Actually, God looked a lot like Pastor Witmer.

I remember wanting to know why Grandma couldn’t just come back. My mother’s answer was something like, “Well, you can’t come back from heaven.” And I felt sorry for Grandma and scared for myself. What kind of destiny is that?

At least she wasn’t in hell. From what I’d gathered at Bible school, in hell, they set you on fire.

Sometime after my grandmother’s death, I dreamt that I’d died and gone to heaven. I found myself sitting encased in a soap bubble, floating alone through dark blue space. And though I could see others trapped, floating in bubbles of their own, none of us could talk to each other. None of us could touch, and none of us could leave.

When I woke up, I crawled out of bed and walked swiftly through the dark into my parent’s room. I climbed into their bed and slipped under the warm sheets, carefully snugging myself right between Mom and Dad. I stayed there the rest of the night.

I know Jean-Paul Sartre once wrote, “Hell is other people,” but I disagree. I think hell is isolation. Hell is being abandoned in the dark.

It’s like this. I used to take tae kwon do at the YMCA when I was a kid. After we’d all bow out and class was over, the first people to leave were the kids whose parents were out in the parking lot waiting for them. I’d sit out in the lobby and watch them go as I stared through the glass doors, hoping, praying for Mom’s van to pull up. I was always the last kid left.

Then adults would start drifting by, and I’d try to pretend like I wasn’t panicking. Dennis, twenty-something and almost a black belt, would walk by, scowling straight ahead and looking dangerous, leaving me unacknowledged as he passed. Then Jeff, the big soft-spoken businessman, would come by and give me a nod, his face pink from the shower. Then Edgar, then Cricket, then Darryl, then Sue, then  Tommy, the sensei, last of all. Cleaned up and wearing a golf cap, he’d give me a wave before vanishing out into the parking lot.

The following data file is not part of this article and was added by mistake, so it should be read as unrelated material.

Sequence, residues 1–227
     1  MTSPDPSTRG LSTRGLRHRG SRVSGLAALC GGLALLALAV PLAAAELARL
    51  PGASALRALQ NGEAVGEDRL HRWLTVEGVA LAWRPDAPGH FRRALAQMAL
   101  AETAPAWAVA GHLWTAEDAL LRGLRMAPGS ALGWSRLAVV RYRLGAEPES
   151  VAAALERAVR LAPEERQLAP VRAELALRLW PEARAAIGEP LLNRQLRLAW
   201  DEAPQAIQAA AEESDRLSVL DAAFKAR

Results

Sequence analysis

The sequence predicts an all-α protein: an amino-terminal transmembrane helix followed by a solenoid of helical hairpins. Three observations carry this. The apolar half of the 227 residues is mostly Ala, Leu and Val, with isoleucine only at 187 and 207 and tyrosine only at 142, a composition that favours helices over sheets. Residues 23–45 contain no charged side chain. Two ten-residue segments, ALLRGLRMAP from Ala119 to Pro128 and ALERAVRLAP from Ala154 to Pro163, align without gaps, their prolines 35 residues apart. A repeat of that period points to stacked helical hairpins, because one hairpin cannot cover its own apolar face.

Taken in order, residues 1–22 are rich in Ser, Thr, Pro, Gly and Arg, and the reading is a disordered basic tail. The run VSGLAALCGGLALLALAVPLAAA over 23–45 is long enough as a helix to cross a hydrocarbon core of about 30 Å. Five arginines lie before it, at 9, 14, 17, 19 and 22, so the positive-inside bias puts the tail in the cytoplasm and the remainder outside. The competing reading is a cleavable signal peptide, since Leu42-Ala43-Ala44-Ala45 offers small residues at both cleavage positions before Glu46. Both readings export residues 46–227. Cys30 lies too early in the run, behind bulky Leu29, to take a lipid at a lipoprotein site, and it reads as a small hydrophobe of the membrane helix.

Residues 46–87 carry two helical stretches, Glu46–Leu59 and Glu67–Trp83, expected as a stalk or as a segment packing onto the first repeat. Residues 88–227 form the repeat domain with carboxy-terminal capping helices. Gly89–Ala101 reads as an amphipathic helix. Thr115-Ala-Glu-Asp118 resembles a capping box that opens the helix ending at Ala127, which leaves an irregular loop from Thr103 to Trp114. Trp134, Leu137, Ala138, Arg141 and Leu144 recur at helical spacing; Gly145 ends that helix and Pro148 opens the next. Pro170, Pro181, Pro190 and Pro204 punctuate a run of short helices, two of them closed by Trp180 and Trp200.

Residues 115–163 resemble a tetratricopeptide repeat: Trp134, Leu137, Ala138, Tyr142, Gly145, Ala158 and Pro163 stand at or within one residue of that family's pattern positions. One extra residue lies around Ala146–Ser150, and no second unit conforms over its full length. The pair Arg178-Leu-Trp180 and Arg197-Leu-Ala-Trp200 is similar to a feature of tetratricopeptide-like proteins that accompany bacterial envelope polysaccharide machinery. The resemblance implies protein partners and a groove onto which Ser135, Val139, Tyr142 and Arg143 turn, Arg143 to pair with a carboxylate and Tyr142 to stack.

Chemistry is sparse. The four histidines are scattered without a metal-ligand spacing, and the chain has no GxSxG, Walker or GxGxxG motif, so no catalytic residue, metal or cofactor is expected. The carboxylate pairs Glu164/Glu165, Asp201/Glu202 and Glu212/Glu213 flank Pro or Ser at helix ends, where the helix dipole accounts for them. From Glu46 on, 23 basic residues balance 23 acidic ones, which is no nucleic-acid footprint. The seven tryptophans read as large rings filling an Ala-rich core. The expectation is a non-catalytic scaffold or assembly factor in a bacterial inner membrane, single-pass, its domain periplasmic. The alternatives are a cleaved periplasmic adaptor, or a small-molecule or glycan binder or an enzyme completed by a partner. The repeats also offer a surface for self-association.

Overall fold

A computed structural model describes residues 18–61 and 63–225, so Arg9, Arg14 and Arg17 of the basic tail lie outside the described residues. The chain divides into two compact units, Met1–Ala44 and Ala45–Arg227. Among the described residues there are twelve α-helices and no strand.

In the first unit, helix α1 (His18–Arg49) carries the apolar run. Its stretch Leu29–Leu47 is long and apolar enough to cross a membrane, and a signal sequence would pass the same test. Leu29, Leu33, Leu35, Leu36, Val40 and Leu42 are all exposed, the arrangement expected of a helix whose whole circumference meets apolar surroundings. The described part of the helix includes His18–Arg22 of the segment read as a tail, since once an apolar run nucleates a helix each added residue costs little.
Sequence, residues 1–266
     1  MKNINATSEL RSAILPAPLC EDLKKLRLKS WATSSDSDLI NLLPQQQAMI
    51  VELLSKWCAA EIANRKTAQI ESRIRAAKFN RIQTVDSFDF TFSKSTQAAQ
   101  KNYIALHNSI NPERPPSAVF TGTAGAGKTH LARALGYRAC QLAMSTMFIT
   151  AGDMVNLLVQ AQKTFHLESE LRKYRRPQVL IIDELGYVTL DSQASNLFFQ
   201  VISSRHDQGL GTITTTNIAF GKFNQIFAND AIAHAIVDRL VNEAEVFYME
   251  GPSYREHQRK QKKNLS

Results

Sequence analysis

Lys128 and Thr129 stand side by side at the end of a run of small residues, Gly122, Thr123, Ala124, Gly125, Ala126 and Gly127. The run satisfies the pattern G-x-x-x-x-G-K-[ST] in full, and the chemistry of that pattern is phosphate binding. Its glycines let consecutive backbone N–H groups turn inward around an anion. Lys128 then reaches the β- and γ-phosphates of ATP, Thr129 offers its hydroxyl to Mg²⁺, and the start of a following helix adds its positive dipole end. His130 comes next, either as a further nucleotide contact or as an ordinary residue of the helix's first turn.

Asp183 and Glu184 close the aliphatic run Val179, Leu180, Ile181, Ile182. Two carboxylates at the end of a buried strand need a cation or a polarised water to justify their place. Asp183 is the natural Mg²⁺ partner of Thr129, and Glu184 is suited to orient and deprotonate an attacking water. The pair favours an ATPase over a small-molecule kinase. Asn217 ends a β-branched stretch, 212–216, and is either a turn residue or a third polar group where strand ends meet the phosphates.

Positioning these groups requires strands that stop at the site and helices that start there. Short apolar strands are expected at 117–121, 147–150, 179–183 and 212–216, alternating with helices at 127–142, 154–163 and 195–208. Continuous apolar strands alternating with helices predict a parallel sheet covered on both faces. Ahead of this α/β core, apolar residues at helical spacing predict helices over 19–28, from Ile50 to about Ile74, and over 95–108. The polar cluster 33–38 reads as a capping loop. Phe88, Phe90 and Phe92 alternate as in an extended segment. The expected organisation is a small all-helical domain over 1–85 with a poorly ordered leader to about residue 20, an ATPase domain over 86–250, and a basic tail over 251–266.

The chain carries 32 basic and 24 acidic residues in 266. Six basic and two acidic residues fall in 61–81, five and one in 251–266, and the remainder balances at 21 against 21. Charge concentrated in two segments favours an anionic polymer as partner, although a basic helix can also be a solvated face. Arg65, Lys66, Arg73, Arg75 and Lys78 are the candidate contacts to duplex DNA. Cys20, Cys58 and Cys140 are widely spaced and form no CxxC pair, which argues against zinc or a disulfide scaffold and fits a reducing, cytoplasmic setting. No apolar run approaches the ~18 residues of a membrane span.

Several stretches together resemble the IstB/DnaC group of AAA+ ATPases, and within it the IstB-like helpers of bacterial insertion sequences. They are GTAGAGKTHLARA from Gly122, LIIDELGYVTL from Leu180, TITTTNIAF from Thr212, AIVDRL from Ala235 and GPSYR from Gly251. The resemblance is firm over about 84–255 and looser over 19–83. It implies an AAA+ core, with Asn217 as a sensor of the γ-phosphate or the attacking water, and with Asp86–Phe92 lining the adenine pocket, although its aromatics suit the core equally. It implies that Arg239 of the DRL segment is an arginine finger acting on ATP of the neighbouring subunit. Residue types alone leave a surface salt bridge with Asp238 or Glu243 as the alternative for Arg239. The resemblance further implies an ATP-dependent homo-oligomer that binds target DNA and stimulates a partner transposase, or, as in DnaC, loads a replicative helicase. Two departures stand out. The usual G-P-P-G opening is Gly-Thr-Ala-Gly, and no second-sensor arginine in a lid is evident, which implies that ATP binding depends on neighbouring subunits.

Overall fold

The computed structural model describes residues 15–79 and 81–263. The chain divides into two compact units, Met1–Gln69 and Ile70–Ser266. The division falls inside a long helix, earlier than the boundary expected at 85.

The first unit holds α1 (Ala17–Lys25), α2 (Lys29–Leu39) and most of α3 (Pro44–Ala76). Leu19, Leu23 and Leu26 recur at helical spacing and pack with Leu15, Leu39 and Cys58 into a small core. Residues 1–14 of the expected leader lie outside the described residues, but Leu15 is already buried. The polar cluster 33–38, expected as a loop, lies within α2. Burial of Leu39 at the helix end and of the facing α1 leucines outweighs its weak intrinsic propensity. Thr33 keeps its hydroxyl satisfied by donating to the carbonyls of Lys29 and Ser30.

I’d watch the adults drift out the doors, scattering in all directions like marbles spilled from a jar, until it was just me and the guy behind the front desk.

If Mom was five minutes late, I’d break out in a cold sweat.

If Mom was ten minutes late, I’d start pacing the lobby.

If Mom was fifteen minutes late, I was an orphan for sure.

And then seventeen minutes later, the van would pull up, and I’d be demanding to know where she’d been. The grocery store was never an acceptable excuse.

C.S. Lewis once dreamt he was in the afterlife. It was an empty town, submerged in unending rain and perpetual twilight, in which people abandoned house after house, spreading slowly farther and farther apart out into the darkness for all eternity. This is Lewis’s picture of hell. A far cry from Dante’s crowded, constricted Inferno, in this Hell, Lewis barely sees anyone at all. Henry V and Genghis Khan and Julius Caesar are all millions of miles away from each other and everyone else. Napoleon’s house is nothing but a distant star, light years away from everything.

It seems to me the universe works about the same way. Starlight tinted the color of red shift  has told scientists that everything is drifting away from everything else. High-powered telescopes have killed all the men on Mars and shown us we’re just floating all alone in the solar system. Maybe we’re floating all alone in the universe. When scientists talk about extraterrestrial life now, they’re hoping for bacteria shivering on some distant moon.

I read a book once for a philosophy class that said the universe is surrounded by nothingness. The book said if the universe contains every single place there is, then there can’t be any place outside the universe. If you telescope out far enough, beyond counties, countries, continents, orbits, and galaxies, out beyond the universe, we’re nowhere. The universe is floating in nothingness, suspended like a soap bubble.

“I live on the third floor,” Diane tells me as I dump a box of dominoes on the table, but she’s not completely sure about that. Her window, she tells me, looks over a farm and a wheat field. Then with wide eyes she whispers to me, “I hope my room will be the same as it was this morning.”